11th May 1603 James entered London.

19 July 1603 Sir Walter Raleigh arrested. The key event of 1603 was the so-called the Main Plot which evolved into a secondary Bye Plot that came to light in 1604 (I’ve blogged about them before). Essentially with the Main Plot there was some question as to whether James was the best person to be king Henry VII had other descendants who were English. The one we think of at this time is usually Arbella Stuart who was implicated in the Main Plot which saw Sir Walter Raleigh sent to the Tower. The plan was to depose James and put Arbella in his place. The Bye Plot was much more straight forward. It simply involved kidnapping James and forcing him to suspend the laws against Catholics.

17 Nov 1603 Sir Walter Raleigh put on trial. Raleigh would be condemned on the evidence of Lord Cobham who was never called to testify despite Raleigh’s repeated demands that his should be examined.

14 Jan 1604 The Hampton Court Conference convened as a result, in part, of the Millenary Petition. James ordered that everyone should adhere to the Book of Common Prayer. This did not please the Puritans or the Catholics especially as recusancy fines were being levied with more rigour than previously.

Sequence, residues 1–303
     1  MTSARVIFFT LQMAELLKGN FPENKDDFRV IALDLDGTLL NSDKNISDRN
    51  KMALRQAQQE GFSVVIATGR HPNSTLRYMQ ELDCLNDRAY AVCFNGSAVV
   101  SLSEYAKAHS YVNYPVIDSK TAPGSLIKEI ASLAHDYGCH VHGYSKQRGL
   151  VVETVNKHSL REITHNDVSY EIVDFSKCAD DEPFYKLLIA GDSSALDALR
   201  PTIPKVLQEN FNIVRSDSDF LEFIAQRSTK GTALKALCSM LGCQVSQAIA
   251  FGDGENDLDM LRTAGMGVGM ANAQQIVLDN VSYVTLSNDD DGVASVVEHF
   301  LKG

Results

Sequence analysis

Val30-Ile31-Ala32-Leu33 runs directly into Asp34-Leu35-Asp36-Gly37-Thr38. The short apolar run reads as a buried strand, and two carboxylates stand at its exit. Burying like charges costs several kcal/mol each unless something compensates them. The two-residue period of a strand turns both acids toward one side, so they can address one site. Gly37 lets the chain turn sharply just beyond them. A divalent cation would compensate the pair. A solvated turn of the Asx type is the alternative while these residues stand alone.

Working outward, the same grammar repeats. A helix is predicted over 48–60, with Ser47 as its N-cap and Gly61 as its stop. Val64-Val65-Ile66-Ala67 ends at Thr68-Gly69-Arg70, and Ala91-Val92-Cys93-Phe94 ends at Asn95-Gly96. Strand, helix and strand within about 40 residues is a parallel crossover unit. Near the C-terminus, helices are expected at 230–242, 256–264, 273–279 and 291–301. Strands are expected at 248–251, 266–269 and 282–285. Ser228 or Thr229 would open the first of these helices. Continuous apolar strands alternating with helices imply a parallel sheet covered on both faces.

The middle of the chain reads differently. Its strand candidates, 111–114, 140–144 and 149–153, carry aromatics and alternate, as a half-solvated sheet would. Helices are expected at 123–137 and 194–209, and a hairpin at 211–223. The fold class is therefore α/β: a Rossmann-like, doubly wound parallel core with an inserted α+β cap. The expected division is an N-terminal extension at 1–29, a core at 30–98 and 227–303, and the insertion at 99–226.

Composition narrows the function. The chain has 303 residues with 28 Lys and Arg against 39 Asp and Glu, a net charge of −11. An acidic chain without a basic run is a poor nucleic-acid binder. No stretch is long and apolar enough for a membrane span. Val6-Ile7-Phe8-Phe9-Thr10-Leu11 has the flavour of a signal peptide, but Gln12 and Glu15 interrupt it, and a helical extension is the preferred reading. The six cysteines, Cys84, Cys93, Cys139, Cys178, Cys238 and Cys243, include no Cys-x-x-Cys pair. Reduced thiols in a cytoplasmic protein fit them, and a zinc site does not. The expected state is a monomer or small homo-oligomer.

19 March 1604 James’ first Parliament sat. James admonished the Puritans but it was clear that religion was going to be a bone of contention.

5 April 1604 James demanded that as “an absolute king” he should have conference with the Commons and his judiciary. It didn’t go down very well.

Mid April 1604 James demanded the Union of England with Scotland. No one apart from James thought it was a good idea. He will try again in 1606 and 1607.

19 August 1604 War with Spain formally concludes. England has been at war with the Spanish since 1585. The Somerset House Conference draws up the Treaty of London which is seen as favourable to Spain as it prevents continued English support of the Dutch.